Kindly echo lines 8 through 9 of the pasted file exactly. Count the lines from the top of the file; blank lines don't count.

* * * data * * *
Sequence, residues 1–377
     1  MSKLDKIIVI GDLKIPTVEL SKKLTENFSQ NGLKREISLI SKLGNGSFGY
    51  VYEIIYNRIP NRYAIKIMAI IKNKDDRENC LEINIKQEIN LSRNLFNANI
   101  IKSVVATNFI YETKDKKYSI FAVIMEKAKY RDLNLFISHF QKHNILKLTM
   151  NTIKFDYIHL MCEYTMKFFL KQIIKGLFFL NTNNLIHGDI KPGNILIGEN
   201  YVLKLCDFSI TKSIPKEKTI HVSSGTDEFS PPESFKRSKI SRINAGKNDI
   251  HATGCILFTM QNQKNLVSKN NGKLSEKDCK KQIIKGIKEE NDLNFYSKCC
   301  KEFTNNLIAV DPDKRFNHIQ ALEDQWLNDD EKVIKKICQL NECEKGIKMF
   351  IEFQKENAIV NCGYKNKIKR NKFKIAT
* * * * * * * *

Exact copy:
   301  KEFTNNLIAV DPDKRFNHIQ ALEDQWLNDD EKVIKKICQL NECEKGIKMF
   351  IEFQKENAIV NCGYKNKIKR NKFKIAT